1981: Dr. Dee (Diana) Aker the first woman to serve as Director moved the campus to the former new Mayfair Hotel where population eventually grew to 250.

Sara Mweu - Library
Joined USIU in 1981 as a secretary and later moved from the switch-board to work under the then university librarian Mrs. Anne Kinara. She was among three ladies sponsored by the school to study library and information studies – librarianship at Kenya Poly-technique, in1995 after the secretary docket was abolished.
According to Mrs. Mweu the university has come a long way; the library was originally located in the current class-rooms’ I-J (1991-1994). “One room was for course text and the other for circulation,” explains Mrs. Mweu, “students could only borrow, since the place wasn’t enough for everyone to sit.
Current class-rooms’ I-J where the library was originally situated.

Joshua Tsisanga – Laundry
Joined USIU staff in 1983, when it was more of domestic laundry, using simple apparatus and only serving a handful of students. According to Mr. Tsisanga the number of USIU staff has significantly increased over the years. “Back then there were a few people,” he narrates, “I used to know each and every member of the staff plus students. Today that’s impossible.”
Mr. Tsisanga has seen the laundry transform over the years to serve an increased number of USIU, community using contemporary laundry machines.

1984: Lillian K. Beam becomes Director of the Nairobi campus heading the university for 10 years between 1984 - 1994.

Francis Kamau Muhindi - Hostels
Joined USIU on 27th September 1985, as a result worked for only three days and got paid. This remains his “most memorable payday!”
Mr. Muhindi started off in the security department then later moved to the hostel reception. “Together with my colleagues we were absorbed in various departments after the university started to outsource security and thats how I ended up in the hostels,” he says.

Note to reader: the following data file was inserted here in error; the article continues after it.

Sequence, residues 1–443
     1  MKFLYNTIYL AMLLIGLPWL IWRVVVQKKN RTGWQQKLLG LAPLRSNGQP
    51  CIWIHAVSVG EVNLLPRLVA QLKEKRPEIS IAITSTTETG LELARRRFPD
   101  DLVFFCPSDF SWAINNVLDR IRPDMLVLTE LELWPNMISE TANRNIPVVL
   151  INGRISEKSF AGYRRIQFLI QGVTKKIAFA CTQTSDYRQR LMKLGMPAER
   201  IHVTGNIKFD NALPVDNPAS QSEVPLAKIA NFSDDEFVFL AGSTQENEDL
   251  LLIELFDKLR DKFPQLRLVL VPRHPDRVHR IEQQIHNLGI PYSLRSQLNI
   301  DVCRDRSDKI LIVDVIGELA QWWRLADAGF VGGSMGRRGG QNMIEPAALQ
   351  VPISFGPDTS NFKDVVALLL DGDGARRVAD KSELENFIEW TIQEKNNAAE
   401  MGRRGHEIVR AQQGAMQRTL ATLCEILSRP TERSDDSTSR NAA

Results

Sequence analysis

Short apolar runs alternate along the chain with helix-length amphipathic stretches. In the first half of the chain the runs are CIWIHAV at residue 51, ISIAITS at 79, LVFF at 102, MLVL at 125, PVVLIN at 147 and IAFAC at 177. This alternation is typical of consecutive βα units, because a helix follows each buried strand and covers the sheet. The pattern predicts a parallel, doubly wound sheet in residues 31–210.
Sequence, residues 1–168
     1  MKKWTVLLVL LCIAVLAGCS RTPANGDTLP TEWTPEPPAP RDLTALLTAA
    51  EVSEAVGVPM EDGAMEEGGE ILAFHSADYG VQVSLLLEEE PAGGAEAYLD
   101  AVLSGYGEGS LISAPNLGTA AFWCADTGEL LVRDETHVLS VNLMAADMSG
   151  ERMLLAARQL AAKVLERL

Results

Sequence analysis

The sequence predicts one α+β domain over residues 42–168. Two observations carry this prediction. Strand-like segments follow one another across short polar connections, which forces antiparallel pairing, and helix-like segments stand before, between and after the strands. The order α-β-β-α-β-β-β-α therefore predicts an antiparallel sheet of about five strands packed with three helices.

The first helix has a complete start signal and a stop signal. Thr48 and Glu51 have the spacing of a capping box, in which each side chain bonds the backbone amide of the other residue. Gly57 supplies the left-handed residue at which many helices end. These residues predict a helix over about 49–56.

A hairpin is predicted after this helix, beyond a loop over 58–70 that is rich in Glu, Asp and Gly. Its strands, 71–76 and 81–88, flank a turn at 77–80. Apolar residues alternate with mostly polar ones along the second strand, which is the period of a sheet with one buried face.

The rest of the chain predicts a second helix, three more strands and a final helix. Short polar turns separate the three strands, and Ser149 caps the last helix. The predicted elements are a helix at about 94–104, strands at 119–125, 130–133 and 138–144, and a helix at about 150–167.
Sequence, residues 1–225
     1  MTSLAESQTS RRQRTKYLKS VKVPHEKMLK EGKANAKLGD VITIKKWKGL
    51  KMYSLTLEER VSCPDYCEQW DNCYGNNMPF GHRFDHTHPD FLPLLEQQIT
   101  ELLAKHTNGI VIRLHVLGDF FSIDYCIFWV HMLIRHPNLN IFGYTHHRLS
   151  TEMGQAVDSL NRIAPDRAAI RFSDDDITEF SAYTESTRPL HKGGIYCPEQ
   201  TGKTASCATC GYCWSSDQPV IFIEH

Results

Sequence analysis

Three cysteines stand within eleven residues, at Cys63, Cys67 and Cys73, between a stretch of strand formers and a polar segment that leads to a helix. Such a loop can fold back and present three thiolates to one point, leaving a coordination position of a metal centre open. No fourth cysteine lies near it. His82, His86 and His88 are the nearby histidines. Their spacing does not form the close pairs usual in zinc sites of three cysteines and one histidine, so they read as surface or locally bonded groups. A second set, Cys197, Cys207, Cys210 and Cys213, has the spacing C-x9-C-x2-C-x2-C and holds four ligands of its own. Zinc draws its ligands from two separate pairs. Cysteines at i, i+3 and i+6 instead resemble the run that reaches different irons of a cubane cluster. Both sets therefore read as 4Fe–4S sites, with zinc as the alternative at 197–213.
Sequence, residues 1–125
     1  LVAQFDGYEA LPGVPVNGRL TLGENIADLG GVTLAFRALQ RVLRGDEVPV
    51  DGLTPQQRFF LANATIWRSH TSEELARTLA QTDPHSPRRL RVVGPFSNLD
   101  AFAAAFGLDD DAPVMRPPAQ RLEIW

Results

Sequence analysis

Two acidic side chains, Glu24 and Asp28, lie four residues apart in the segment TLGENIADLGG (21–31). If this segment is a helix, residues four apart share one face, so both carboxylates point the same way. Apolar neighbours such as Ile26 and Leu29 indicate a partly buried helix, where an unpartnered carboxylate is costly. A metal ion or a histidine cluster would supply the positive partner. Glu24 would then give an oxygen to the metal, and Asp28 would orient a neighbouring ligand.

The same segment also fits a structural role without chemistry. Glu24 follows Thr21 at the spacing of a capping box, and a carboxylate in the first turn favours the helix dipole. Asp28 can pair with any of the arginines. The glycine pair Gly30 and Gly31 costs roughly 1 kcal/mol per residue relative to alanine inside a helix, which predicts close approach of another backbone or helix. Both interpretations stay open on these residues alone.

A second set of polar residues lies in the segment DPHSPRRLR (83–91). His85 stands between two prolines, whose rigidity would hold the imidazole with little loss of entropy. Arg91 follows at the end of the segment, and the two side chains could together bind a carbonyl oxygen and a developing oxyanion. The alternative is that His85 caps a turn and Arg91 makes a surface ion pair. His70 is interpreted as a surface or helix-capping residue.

Mr. Muhindi cannot compare the accommodation at the former new Mayfair Hotel to any other. “The place had the best set up; with carpeted floors, telephone service, and self-contained rooms,” he says.

Mary Were -Laundry
Started work in USIU in 1986 at a time when the laundry staff consisted of a small team. At one point tokens were used to transact business in the laundry, according to Mrs. Were but were later faced out due to ineffectiveness. An old drier that Mrs. Were and her colleagues used to utilise still stands idle at the laundry perhaps as indicator of time past.
Mrs. Were has witnessed many staff members come and leave including one ‘very strict’ lady supervisor called Miriam. “She used to make us do all sorts of odd jobs,” Mrs. Were recalls with nostalgia, “but no one dared to cross her path.”

Julius Manga – Transport
June 11th 1986 was the day Mr. Manga first reported to work in USIU. According to him the university has developed a lot since his arrival. “I witnessed most of the advancements you see around us” he says.